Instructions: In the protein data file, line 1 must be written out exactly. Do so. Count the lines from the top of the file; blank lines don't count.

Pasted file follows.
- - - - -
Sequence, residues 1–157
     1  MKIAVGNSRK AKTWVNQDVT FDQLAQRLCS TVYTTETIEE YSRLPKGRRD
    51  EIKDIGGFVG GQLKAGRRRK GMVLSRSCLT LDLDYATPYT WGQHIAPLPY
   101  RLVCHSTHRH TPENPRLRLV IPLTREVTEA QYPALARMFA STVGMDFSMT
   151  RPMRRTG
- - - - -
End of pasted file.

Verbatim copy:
Sequence, residues 1–157